Post #013: A precious gift

Glasgow, November 30, 2017

Working for Professor Tilli Tansey has been a defining experience not only for my “career” [1] perspective, but also for the way I appreciate and communicate the details of the history of academic and industrial research. During the last days of our work at Queen Mary University of London, Professor Tansey invited me to her office and handed me a precious gift: a book that treasures a wonderful story – especially for those with an interest in the history of Neuroscience as a discipline – as well as three handwritten notes (each on letterheaded paper).

That 100-year-old book (published in 1917) was entitled “The Conduction of the Nervous Impulse” and was part of the “Monographs on Physiology” series of Longmans, Green and Co. [2]. The book was written by Keith Lucas [3], and was revised by E. D. Adrian [4]; both of Trinity College, Cambridge. It was a relatively small book – both in size and pagination [5] – that presented (posthumously) the results of the experimental work of Lucas resulting into the determination of the temperature coefficient of nerve conduction, and a detailed account of the nature of the nervous impulse and its propagation. What made that book even more precious was the fact that it has been previously owned by prominent figures of biomedical science, and has been treated as an artefact. The three accompanying notes and a list of names on its flyleaf synthesize an informative and “genealogical” story that spans from the scientific legacy of Keith Lucas and his tragic death during World War I, to the completion of the “Makers of modern biomedicine: testimonies and legacy” project in 2017.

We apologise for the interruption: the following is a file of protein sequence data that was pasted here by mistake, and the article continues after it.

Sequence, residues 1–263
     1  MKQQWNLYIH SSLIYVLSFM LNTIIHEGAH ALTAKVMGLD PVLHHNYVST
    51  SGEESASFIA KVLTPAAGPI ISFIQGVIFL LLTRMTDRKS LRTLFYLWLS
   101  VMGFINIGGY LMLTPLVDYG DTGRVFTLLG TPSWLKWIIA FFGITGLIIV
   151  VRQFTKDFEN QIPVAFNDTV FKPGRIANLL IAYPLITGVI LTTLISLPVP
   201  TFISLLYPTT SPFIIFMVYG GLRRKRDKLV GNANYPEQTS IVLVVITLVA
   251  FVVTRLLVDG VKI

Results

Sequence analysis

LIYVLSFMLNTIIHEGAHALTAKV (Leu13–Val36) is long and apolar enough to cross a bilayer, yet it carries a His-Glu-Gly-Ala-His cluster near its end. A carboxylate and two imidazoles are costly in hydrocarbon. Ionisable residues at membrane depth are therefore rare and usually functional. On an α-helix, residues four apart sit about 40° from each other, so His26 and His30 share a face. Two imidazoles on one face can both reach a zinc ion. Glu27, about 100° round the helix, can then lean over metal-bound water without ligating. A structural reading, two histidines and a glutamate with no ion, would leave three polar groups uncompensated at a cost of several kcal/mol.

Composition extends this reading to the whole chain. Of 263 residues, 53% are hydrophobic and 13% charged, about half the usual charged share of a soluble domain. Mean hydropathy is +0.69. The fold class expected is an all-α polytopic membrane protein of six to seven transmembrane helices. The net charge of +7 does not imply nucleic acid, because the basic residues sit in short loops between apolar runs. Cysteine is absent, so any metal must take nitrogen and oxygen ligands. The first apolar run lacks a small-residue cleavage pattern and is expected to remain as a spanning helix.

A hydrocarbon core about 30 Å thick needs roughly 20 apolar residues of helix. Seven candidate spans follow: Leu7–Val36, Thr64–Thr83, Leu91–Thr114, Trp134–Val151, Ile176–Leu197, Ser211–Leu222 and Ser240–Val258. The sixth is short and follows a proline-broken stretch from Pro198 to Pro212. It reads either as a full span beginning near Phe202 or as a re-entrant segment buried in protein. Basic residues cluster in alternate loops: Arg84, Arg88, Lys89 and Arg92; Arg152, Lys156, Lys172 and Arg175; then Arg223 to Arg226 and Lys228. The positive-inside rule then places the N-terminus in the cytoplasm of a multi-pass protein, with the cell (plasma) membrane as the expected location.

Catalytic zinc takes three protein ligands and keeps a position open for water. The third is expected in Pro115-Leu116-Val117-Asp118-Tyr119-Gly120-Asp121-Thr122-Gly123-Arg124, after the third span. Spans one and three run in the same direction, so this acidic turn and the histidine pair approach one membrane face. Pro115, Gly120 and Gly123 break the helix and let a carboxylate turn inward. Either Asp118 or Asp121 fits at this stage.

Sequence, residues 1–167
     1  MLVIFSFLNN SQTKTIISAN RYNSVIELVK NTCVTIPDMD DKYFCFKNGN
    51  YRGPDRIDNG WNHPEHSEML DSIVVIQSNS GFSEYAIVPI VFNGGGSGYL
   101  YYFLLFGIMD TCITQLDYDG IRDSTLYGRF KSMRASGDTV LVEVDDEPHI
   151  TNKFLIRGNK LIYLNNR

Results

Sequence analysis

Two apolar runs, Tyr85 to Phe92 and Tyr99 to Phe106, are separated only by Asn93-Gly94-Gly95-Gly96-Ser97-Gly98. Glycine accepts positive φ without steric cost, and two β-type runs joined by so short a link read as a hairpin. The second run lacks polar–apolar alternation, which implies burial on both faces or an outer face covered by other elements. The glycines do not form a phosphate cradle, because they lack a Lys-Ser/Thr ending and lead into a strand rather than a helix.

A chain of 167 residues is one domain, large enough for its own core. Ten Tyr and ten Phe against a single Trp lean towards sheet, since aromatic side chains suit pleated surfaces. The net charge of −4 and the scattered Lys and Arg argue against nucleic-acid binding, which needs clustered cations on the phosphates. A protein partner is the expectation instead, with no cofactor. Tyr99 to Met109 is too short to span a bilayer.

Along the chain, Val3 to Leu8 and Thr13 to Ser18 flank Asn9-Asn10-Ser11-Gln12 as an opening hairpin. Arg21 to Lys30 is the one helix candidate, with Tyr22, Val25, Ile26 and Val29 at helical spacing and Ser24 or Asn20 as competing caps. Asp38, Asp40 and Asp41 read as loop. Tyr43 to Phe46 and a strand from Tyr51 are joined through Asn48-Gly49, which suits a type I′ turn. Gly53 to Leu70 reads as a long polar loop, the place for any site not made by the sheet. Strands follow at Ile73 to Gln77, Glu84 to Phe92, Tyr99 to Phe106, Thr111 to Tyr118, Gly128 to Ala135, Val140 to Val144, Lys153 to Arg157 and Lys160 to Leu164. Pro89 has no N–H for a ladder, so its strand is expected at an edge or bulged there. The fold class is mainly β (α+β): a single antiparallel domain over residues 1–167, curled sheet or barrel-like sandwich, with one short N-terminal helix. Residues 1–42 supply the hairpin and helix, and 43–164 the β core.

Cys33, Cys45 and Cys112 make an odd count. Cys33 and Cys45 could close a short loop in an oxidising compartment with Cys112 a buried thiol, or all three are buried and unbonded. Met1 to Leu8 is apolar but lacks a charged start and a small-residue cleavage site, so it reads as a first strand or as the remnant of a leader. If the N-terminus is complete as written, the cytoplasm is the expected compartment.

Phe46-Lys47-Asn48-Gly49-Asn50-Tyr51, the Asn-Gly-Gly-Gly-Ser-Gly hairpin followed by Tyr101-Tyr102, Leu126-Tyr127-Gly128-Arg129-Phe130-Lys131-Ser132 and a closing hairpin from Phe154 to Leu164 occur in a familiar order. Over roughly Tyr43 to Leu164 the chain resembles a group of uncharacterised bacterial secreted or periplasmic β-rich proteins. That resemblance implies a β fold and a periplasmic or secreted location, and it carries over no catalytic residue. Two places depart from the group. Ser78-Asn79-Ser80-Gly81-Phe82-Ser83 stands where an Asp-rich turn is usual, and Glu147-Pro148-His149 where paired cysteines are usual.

The book originally belonged to G. L. Brown [6]. After Brown’s death (1971), his widow has given the book to Bill Paton [7], who then handed it to Tony Angel [8] along with an explanatory (“thank you”) note, fifteen years later (1986). Professor Angel gave the book to Professor Tansey in 2003, along with a shorter note presenting the book as a “piece of Physiological Society memorabilia”. Fourteen years later (2017) the book has been handed to me with a very kind (“thank you”) note by Professor Tansey, characterising it as “a scientific heirloom, which has been passed on through four generations of physiologists”.

Beyond the profound honour of being considered as a worthy owner (or, more appropriately, temporary keeper) of such an extraordinary artefact, I like to also consider this precious gift as a token of my induction to the British academic life.


Notes: [1]: the word “career” is not a favourite of mine; [2]: a London-based publisher with offices in New York, Bombay (Mumbai), Calcutta (Kolkata) and Madras (Chennai) at the time; [3]: Keith Lucas (1879-1916); [4]: Edgar Douglas Adrian, 1st Baron Adrian (1889-1977); [5]: 114 pages in total (xii+102); [6]: Sir George Lindor Brown (1903-1971); [7]: Sir William Drummond Macdonald Paton (1917-1993); [8]: Professor Anthony Angel.

Citation: Zarros A. Post #013: A precious gift. 2017; 30-Nov.